Through an executive order, the month of August has been declared in the Philippines as IHL month to commemorate not just our signature to the Geneva Conventions, but more importantly, to remind all fighters in the country of their legal obligations under the law. Unlike human rights law which originally took the form of binding treaty obligations and therefore are duties of a state, IHL applies to all fighters without distinction. It applies to all officers and men of the AFP, the NPA. The Moro National Liberation Front, the MILF, and now, even to the Bangsamoro Islamic Federation Fighters of Umbra Kato.

This years’ celebration is unique because for the first time, we are celebrating IHL month with a three-in-one: we have passed a new domestic enabling legislation criminalizing breaches and violations of IHL, Republic Act 9851; we have become the 117th member state of the International Criminal Court, a permanent court that tries individuals for war crimes, among others; and we have become the latest state party to Additional Protocol 1 of the Geneva Convention. This latest protocol expands the protection of the law to all kinds of civilians. With these developments, we have become the most dedicated country in Asia to the implementation of IHL.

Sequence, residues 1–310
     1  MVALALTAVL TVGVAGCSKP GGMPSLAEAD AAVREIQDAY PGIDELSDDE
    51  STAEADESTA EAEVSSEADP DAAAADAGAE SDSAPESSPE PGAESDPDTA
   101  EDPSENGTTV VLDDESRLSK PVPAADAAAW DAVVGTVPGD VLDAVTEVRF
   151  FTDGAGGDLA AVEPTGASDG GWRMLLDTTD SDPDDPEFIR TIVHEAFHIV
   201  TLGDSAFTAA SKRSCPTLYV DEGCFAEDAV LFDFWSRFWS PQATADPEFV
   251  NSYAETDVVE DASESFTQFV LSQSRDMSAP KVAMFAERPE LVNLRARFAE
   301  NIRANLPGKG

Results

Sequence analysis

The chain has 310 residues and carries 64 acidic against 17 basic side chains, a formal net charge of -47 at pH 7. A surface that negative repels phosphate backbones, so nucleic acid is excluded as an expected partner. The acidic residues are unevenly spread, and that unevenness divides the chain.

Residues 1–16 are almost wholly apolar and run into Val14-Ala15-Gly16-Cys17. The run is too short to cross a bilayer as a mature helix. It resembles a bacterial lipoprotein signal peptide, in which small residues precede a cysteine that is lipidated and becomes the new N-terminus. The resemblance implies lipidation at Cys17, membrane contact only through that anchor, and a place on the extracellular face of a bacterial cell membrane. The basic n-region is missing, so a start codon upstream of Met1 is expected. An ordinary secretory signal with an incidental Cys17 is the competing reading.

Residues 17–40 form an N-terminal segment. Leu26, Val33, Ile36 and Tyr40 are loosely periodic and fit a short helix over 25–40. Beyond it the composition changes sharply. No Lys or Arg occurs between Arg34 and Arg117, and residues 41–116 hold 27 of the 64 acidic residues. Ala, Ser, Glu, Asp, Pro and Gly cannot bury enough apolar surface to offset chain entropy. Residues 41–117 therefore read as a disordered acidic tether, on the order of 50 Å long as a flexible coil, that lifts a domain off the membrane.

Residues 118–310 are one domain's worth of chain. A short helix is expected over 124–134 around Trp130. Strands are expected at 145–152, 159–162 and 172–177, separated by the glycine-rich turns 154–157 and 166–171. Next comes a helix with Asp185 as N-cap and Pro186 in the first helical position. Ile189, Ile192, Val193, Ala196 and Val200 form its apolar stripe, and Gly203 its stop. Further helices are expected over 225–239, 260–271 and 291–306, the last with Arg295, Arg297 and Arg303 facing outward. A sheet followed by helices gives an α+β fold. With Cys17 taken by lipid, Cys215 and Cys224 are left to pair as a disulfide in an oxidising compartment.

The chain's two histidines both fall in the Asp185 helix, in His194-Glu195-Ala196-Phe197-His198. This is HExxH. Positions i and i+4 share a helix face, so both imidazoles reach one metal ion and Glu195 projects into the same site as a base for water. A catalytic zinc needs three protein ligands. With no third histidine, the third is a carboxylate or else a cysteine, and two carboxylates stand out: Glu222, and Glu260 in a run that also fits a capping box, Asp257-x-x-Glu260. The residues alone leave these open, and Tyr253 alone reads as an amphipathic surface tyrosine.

Furthermore, while we have not done away with all armed conflicts in the country, we appear to be making strides in arriving at a peace accord with all insurgents in the country, including the MILF and the NPA. This augers well too for IHL because while compliance with IHL certainly is indispensible in times of armed conflict, there is still no substitute for peace.

While the recent spate of violence waged by Umbra Kato’s BIFF in Maguindanao seems to indicate that long-term peace in Mindanao may take longer than expected, it helps that meanwhile, all Filipinos remain under the protection of IHL.

Happy IHL month to one and all!

MOA-AD Part 2?

Let me be very clear. There is no substitute to peace. Mindanao has been the theater of war since the Spaniards came to our shores. It is time for the people of Mindanao to finally live in an area rid of conflict and in peace. So what is the latest proposal engineered to bring peace […] More →